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Hotel Rwanda director's view on the film

When the world closed its eyes,
he opened his arms…

Berlin Festival out of competition

Ten years ago, as the country of Rwanda descended into madness, one man made a promise to protect the family he loved – and ended up finding the courage to save over 1200 people. Hotel Rwanda tells the inspiring story of real-life hero Paul Rusesabagina (Don Cheadle), a hotel manager in Rwanda who used his courage and cunning to shelter over a thousand refugees from certain death.

While the rest of the world closed its eyes, Paul opened his heart and proved that one good man can make a difference.
United Artists is proud to present Don Cheadle, Sophie Okonedo, Joaquin Phoenix, and Nick Nolte in Hotel Rwanda, produced in association with Lions Gate Entertainment, a South Africa/United Kingdom/Italy co-production in association with The Industrial Development Corporation of South Africa, a Miracle Pictures/Seamus production produced in association with Inside Track. Directed by Terry George from a script by Keir Pearson & Terry George, Hotel Rwanda was produced by A. Kitman Ho and Terry George; executive produced by Hal Sadoff, Martin F. Katz, Duncan Reid, and Sam Bhembe; co-executive produced by Keir Pearson and Nicolas Meyer; and co-produced by Bridget Pickering and Luigi Musini.
Hotel Rwanda’s behind-the-scenes crew includes director of photography Robert Fraisse, production designers Tony Burrough and Johnny Breedt, editor Naomi Geraghty, costume designer Ruy Filipe, and composer Andrea Guerra. Paul Rusesabagina served as a special consultant on the film.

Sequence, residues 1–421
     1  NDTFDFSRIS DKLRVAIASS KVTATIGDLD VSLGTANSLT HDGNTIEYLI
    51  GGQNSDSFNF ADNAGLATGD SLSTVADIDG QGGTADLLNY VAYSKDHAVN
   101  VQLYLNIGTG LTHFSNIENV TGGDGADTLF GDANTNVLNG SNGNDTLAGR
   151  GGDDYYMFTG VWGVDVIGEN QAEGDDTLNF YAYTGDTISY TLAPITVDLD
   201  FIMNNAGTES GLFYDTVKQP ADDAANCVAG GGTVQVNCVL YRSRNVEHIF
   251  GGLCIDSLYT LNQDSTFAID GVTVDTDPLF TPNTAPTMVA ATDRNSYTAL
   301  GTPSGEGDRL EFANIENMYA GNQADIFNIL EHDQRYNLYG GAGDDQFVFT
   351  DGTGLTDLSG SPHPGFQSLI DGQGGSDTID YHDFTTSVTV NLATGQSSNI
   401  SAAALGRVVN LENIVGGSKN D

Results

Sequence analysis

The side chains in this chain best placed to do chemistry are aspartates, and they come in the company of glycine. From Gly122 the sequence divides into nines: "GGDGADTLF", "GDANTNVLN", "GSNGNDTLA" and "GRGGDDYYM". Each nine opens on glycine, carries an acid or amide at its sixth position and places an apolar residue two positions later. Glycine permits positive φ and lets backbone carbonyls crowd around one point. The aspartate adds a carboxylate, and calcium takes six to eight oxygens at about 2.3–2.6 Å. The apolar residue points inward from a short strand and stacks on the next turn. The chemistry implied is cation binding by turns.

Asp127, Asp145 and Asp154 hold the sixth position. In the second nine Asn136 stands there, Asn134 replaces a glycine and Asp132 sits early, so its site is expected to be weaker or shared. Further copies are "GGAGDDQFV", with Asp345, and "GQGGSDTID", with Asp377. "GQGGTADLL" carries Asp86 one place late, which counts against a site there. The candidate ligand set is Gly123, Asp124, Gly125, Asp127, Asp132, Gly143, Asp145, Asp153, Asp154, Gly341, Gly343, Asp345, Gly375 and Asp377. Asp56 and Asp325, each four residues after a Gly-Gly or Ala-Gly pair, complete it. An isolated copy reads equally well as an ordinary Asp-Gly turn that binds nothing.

"Three years ago Keir Peirson and I sat around a table with Paul Rusesabagina and listened as he told us his story. As he spoke, I did my best to hide two conflicting emotions: excitement and fear. Excitement because it was a perfect story to be told on film – a riveting political thriller, a deeply moving romance, and, most of all, a universal story of the triumph of a good man over evil. But fear was my predominant emotion. Fear of failure.
This was a story that had to be told, a story that would take cinema-goers around the world inside an event that, to all our great shame, we knew nothing about. But more than that, it would allow audiences to join in the love, the loss, the fear and the courage of a man who could have been any of us – if we ever could find that courage. I knew if we got this story right and got it made, it would have audiences from Peoria to Pretoria cheering for a real African hero who fought to save lives in a hell we would not dare to invent.
It was a very scary challenge for all of us involved with Hotel Rwanda, but that same challenge seemed to invigorate everyone who worked on the film, from our great cast and crew to the extras who rose at dawn in Johannesburg’s townships of Alexandra and Tembisi to join us in telling this enormous story. I’m proud of everyone who worked on this film and honored to have had the chance to tell the story of Paul, Tatiana, their family, and the people of Rwanda. I only hope to have done his heroic deeds justice."

Terry George